What are the most common winter gardening problems? We help you find the solution to issues you may be facing in the garden during the colder months.
Many garden pests that are active in your garden during summer, are also present in winter. They can be a challenge to recognise early on before they cause any damage in the garden.
Solution: Checking your plants on a regular basis will help you find any pests. Visit Gardeners World for more help on removing pests. Sterilising your garden tools will also help prevent any pests from being introduced into your garden or greenhouse. Keeping your greenhouse well-ventilated will also create an environment not suited for pests.
2. Weak and Spindly Plants
If your plants are weak and spindly, they may be receiving too little light. Most plants will thrive with 6-8 hours of sun each day, if your plants are receiving far less, then you may need to make some changes.
Solution: To rectify this problem, remove the cause of the shade or relocate the plants if possible. Moving plants could cause further damage so be careful when doing so. If your plants are in pots or containers, this can be easily done. As the Sun is much lower during winter, it’s common for plants to struggle during the winter season.
3. Off-colour Foliage
During winter, plants may start yellowing, defined by the term Chlorosis. There are many possible causes of chlorosis and it is often accompanied by other symptoms. A nitrogen deficiency in the plant causes a general yellowing or reddening on the leaves. Yellowing in areas between the veins is a cause of iron or magnesium deficiency. Iron deficiency affects young leaves first, whereas magnesium deficiency tends to affect old leaves first. A potassium deficiency is pronounced at the edges of leaves.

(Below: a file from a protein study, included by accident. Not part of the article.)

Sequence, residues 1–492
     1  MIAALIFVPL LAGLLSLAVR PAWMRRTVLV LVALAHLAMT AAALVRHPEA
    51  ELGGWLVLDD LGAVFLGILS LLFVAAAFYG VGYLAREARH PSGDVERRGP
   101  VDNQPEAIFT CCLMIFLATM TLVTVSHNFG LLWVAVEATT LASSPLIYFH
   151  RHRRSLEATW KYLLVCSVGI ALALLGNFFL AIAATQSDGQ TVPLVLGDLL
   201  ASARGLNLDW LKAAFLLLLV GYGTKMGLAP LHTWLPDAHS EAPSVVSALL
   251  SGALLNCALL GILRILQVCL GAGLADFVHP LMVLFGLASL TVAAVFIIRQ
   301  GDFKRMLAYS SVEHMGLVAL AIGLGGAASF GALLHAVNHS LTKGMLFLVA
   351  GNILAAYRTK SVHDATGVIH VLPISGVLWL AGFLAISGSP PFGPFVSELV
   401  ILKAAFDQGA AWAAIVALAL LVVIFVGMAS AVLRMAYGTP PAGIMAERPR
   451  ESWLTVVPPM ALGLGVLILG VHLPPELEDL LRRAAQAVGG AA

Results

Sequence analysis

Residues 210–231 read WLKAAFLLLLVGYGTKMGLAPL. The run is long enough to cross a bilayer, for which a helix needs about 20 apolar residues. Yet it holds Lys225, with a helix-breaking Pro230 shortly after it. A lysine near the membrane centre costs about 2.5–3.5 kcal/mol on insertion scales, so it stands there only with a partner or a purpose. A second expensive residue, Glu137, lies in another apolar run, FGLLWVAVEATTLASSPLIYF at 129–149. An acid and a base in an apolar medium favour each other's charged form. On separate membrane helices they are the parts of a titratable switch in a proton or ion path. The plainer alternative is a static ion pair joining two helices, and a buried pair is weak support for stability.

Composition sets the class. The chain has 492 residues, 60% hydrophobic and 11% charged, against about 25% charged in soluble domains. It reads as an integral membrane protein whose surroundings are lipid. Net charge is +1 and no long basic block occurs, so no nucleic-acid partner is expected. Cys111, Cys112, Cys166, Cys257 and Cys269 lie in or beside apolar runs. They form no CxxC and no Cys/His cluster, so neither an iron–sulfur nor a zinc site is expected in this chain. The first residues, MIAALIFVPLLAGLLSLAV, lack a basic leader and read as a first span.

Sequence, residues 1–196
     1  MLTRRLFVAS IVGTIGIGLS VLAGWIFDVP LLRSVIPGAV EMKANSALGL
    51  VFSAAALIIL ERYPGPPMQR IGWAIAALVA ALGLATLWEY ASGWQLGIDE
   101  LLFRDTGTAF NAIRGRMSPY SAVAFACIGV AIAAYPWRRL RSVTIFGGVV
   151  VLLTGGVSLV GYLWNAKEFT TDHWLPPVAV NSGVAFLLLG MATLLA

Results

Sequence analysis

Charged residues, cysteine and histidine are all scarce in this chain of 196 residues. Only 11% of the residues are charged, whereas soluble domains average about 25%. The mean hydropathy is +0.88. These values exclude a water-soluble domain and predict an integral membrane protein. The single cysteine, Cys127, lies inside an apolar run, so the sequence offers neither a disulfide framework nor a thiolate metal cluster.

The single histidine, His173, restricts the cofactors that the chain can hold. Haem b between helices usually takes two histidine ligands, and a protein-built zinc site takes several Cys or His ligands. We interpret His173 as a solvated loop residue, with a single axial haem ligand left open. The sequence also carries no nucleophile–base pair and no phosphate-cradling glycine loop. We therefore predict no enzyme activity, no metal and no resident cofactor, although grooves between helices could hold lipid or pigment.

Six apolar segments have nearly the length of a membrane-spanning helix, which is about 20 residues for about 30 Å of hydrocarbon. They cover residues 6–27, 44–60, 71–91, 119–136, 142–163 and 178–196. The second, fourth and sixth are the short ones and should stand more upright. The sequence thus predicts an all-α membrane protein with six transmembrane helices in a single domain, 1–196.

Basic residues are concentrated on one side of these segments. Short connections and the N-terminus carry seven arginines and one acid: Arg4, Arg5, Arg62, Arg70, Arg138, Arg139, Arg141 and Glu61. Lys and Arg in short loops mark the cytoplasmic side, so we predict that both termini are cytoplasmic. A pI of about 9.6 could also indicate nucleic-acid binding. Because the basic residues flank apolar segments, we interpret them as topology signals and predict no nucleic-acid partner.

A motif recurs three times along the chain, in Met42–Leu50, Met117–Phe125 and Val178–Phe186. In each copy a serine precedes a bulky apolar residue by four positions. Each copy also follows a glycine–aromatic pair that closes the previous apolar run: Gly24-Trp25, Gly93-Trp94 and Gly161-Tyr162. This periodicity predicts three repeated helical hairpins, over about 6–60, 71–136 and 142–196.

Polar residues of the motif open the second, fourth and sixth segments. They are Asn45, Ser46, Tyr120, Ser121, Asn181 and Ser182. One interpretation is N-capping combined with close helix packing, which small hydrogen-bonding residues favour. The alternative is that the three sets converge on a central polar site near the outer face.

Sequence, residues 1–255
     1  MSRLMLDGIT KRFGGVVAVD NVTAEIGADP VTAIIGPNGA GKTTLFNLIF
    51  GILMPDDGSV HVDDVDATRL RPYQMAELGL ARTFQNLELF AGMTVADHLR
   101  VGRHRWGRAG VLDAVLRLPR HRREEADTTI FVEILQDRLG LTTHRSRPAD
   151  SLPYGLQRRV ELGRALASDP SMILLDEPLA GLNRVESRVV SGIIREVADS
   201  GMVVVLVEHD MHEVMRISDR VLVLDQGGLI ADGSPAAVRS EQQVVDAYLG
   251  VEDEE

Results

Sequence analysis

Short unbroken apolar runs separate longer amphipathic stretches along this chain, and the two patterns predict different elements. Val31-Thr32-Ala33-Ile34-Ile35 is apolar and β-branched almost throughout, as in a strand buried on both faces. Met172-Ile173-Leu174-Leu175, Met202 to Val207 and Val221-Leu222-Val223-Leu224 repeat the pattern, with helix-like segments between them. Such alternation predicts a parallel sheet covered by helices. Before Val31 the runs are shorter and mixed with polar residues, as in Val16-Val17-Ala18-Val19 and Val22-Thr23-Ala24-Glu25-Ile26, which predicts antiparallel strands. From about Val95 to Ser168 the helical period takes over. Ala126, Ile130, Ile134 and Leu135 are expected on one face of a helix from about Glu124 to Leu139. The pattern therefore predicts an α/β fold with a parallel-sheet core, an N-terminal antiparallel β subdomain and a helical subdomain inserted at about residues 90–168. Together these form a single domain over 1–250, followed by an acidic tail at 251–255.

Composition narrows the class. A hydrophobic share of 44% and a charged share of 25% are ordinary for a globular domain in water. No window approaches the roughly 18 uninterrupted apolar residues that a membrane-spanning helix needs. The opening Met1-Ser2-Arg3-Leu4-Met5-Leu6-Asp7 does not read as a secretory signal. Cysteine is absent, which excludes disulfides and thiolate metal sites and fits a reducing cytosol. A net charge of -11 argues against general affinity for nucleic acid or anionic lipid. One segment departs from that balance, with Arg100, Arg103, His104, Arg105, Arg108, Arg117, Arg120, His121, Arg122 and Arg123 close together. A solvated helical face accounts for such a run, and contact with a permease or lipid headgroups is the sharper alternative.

Solution: Chlorosis is common in winter as microbes need porous soil and warmer temperatures to thrive. Try bringing pots inside to help them survive. Alkaline soil (PH 7.0+) holds onto iron and other nutrients, try balancing out your soil if yours is a higher PH.
4. Weeds and Moss
Moss and weeds will thrive in colder temperatures. You can prevent this by creating conditions that are more favourable for grass, rather than weeds and moss.
Solution: Simply clean up and remove weeds and moss sprouts whilst they are small. Aerate your lawn as these small holes help facilitate the penetration of air, water and vital nutrients down to the grassroots. Top-dress the lawn with soil or compost, and smooth it out to improve drainage and the soil’s structure. This will help to encourage stronger roots. For easier and quick results, use the Hozelock Turbo Gas Weeder, an ideal tool for those who wish to eradicate weeds from their gardens, whilst respecting the environment.
5. Wind Scorch
During the winter period, wind scorch (or leaf scorch) can be damaging to evergreen plants. Cold wind combined with poor soil conditions will produce dry, brown and scorched leaves.
Solution: To resolve this, look at adding wind-breakers into your garden to minimise the wind-strength. Re-locate effected plants, or implement larger plants and barriers around them. Reduce the amount of water loss from your plants by adding mulch around the base of the plant, helping to reduce the drying effect of wind on the soil.
6. Wilting Plants
Wilting plants in the garden can be caused by over or under-watering, or a lack of light.
Solution: By adjusting your watering frequency, you can positively impact your plant’s health. Water when the soil is dry to the touch, and the temperature is not below 4°C. If your plant is struggling from frost damage, make sure they are in the best location to receive plenty of sunlight. Look into using polypropylene covers, which help protect plants from harsh weathers as well as certain pests.
We hope you enjoyed reading our blog on Common Winter Gardening Problems and Solutions. If you have made it this far, make sure to leave a comment below!